On 28 Apr 2004 17:23:30 GMT, email@example.com (Dave Rusin) wrote:
>In article <firstname.lastname@example.org>, >Anonymous wrote: > >>I already bought the text, the Cliff's >>Notes guide to linear algebra, a 2003-version of the Schaum's outline, >>and I even have an old 1968 version of Schaum's that my grandmother >>used when she majored in math. > >This is not your grandmother's Linear Algebra course! >(I've always wanted to say something like that.)
Ha, yes. But grandma's book is perfectly OK; that's the edition I was praising in my earlier post. I see at Amazon that some reviewers are complaining about errata in the new book; that surprised me because I had found my 1968 edition remarkably error free. (At least to *my* eye.) One reviewer cites a very minor misprint on p. 6, which can be seen in the sample pages -- but that misprint is *only* in the newer edition, at a place where some perfectly OK notation was replaced by something different but really no better, and a mistake crept in. I was sorry to see that; perhaps older is better in this case. (Though not much of an issue, I suspect.)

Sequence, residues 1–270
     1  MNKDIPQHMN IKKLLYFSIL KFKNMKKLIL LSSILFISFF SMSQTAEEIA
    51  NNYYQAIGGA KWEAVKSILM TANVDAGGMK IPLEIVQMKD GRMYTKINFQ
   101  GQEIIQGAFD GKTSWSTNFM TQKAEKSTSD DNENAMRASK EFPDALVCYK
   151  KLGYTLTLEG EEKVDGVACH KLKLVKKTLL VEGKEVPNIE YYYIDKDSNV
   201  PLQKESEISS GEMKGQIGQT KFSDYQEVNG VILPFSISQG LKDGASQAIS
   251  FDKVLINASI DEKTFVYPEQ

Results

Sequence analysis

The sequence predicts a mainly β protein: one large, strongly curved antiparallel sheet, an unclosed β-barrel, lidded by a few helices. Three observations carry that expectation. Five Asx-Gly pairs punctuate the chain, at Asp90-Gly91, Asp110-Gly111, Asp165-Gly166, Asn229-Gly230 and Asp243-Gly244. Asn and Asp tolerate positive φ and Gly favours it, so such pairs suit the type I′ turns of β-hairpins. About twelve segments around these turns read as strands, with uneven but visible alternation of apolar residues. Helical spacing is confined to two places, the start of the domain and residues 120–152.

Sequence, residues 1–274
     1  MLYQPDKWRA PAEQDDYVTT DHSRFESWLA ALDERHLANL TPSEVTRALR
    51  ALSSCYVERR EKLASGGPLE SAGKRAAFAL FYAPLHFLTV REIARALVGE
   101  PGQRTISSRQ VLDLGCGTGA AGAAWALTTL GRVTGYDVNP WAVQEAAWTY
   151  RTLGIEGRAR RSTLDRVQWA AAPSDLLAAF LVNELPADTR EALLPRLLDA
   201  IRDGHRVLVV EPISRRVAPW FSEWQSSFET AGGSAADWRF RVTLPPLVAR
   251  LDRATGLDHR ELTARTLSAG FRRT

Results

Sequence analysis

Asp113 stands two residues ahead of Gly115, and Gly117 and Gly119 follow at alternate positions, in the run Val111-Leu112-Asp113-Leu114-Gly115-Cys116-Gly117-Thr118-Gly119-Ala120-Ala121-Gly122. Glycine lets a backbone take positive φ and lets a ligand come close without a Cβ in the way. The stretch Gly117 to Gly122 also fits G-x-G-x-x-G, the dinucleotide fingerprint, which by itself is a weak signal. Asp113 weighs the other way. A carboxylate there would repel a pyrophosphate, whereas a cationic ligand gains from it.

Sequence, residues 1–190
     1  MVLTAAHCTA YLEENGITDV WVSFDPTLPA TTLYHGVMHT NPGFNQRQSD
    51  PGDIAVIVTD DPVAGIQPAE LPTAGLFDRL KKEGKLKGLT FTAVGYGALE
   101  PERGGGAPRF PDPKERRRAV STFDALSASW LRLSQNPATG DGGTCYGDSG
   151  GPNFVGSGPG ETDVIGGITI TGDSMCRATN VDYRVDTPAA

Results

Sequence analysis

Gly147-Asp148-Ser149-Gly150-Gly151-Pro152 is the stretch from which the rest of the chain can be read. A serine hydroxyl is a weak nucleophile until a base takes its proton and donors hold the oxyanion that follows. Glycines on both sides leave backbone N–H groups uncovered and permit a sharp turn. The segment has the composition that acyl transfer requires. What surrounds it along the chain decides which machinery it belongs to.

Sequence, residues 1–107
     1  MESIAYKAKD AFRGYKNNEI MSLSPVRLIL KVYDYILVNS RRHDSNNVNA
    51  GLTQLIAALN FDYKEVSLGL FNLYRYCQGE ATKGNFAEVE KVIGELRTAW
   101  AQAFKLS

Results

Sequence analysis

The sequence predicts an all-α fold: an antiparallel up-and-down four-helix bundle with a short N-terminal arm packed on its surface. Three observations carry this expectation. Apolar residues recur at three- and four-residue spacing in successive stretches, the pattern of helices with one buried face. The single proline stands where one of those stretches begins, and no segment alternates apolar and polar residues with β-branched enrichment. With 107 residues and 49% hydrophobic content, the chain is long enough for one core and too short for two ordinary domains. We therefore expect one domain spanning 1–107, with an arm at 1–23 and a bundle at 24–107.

To Anonymous (who should be studying, not reading this) I apologize for not addressing his specific concerns about this book; for some reason I skimmed over that part of his post. Well, if he needs more explanation than is in Schaum, that's easily available elsewhere (such as his textbook). Personally I found the explanations adequate -- indeed superior to those in many textbooks -- but the strong point of Schaum is really more in the area of confusion elimination; it *has* to be sparse to achieve that end, IMHO.